Complimentary XO Chili Sauce – wow! Not the standard orange and yellow chilli paste and mustard. For the prices indicated below, these luxury was probably included in the cost.|
Iron Goddess Tea - $1 – Nice ceramics, very traditional. Tea was like any other Chinese restaurant’s...not the really expensive good stuff, but passable. Helped especially with digestion.
Supreme shrimp dumpling (4) - $4.50 – 4 plump Har Gaw with a tiny baby one in the centre topped with tobiko. Standard fare, albeit the crystal wrapping was quite nicely textured, and didn’t fall apart when picked up, still giving some resistance when bitten.
Shrimp, scallop & asparagus dumpling (3) - $4.50 – were there scallops? Barely. What were those surimi-like pieces? And was that a thin, overly cooked sliver of an asparagus? Besides the cool triangular shape of the dumpling, the overall product was so-so. Not worthy of trying again. Better on paper than in the mouth… and for that price!
Chicken and chive dumpling (3) – $3.50 – Delicious! The rice flour shell was bright green from the chive juice used in its making, and springs a delicious fresh taste and aroma when the whole treasure is popped in your mouth.
Shrimp, conpoy & egg white dumpling (3) – $4 – surprisingly decent. The conpoy (aka dried scallops/yu chu) was barely visible, but still can be tasted somewhere in the shrimp filling which was intermingled with rustic pieces of fried egg white. The overall texture was springy and gave some slight resistance in the mouth. A worthy piece to take a risk on.
Chang fun with shrimp & scallop (3) - $6 – a little too expensive for what you receive – 3 small portions of chang fun, 2 small shrimps and a thin slice of scallop laying in between the very silky sheets of rice noodles. Very basic dim sum fare probably worth $3.50 at most.
Fried shrimp and mango roll (3) - $4.00 – excellent use of a rice paper roll, making this a very crispy and light exterior, once again surrounding what appears to be a deficiency in the shrimp and mango market. Oh well. Too oily, however, as even the doily under the rolls were beyond soaked, and the rolls still drenched in oil. Still tasty. Still recommended. Just make sure you drink lots of tea.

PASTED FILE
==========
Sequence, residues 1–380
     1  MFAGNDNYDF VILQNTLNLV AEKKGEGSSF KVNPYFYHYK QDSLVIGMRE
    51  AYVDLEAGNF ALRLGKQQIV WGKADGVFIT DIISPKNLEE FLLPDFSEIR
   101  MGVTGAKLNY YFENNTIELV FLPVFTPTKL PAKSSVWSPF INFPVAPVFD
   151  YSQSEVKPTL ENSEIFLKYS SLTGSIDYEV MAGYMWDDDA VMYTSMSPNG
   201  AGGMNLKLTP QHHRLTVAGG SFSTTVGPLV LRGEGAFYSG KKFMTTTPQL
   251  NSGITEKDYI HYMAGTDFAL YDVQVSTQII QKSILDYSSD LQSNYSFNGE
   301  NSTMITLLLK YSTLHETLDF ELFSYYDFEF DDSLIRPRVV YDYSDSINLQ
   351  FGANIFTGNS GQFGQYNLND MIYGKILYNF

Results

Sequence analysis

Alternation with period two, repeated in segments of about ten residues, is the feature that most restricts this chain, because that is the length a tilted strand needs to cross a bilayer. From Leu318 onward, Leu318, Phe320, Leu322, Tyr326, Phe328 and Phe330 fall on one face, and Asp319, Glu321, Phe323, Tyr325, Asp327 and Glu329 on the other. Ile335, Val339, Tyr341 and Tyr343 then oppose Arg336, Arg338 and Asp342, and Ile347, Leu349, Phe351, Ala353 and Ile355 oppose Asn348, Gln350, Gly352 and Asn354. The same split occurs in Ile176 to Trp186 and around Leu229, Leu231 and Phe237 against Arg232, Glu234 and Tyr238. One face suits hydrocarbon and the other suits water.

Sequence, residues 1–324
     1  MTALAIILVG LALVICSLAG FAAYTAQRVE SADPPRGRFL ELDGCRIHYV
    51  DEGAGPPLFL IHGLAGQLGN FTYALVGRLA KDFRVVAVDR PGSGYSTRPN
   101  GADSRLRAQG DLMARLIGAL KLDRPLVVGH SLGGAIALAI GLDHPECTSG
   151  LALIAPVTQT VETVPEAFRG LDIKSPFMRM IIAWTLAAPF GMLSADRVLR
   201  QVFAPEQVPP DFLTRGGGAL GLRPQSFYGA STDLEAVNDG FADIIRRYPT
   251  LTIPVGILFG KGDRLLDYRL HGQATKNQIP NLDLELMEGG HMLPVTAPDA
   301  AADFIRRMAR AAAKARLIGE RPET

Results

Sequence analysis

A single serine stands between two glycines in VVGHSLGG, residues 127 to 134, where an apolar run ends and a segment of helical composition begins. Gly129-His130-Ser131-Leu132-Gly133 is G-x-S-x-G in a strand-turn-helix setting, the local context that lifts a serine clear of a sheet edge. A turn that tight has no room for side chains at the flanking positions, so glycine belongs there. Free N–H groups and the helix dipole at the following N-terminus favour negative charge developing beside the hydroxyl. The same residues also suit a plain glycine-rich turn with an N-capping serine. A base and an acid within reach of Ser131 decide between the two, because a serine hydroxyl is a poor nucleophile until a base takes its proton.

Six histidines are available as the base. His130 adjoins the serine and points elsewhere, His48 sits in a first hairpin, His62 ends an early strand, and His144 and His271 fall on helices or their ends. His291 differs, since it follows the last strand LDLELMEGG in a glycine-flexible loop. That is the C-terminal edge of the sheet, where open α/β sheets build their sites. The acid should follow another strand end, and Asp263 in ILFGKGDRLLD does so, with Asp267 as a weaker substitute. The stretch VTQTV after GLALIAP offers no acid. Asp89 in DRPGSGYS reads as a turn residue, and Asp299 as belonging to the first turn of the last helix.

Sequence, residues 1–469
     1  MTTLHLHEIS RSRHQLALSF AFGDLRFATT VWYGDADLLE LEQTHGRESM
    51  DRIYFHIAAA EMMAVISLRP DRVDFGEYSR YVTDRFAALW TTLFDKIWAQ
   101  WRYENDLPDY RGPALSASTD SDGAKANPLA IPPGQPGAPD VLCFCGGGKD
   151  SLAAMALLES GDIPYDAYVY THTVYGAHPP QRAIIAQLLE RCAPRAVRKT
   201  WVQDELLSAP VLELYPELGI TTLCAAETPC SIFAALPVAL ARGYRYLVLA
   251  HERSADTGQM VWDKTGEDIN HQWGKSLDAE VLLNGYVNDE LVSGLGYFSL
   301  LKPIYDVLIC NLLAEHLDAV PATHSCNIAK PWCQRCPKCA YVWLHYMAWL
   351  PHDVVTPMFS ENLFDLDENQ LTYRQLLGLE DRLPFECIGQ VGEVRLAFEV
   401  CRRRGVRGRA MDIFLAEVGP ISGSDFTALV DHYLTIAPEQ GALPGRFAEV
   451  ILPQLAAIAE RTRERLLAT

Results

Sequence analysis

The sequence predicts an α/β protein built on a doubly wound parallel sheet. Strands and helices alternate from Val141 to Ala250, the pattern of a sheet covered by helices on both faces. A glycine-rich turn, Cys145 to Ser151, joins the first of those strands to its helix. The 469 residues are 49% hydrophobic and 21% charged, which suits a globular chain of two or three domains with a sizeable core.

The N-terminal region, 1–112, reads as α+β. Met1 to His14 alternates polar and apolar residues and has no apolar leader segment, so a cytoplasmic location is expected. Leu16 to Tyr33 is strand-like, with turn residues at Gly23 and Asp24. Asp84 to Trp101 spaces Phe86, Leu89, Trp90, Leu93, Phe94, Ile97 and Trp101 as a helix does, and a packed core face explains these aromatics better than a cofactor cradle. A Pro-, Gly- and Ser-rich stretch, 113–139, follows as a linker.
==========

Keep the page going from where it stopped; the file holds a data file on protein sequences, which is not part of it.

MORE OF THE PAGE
Fried shrimp paste and green onion seaweed rolls (3) - $4.00 – Not to be missed. Not greasy in appearance, although battered and fried, the cigar shaped rolls were light and bright with the flavour of fresh shrimp and mild green onions (a little on the large chunky side). The “wah yeem” that accompanied the rolls had a nice hint of cinnamon and was a highlight, if used sparingly, in the dish.
Fried salmon milk custard bar (2) - $3.00 – Interesting blend of salmon bits suspended in “ja lai” – the savory version of that mysterious Asian delight of fried milk custard. Personally, fried milk custard has always lured me to salivate while pondering how it is that the whole process is done. If you’ve never had something like this, you should try it. Neat stuff.
Steamed trio crystal buns – egg custard, red bean paste, taro paste (3) - $3.50 – Nice crystal wrapping enclosing very delicately flavoured fillings. Not a strong and overpowering package to end the meal. The wrap held together when the jewels were picked up and gave to the bite after a bit of a tug. Good.
Conclusion: Neat little place to go for small eats. As you see, I ate a lot. Unique combinations, but for the real stuff, go to a good dim sum restaurant. This is really a place to half eat and hang out – suitable for the "North Americans" in all of us.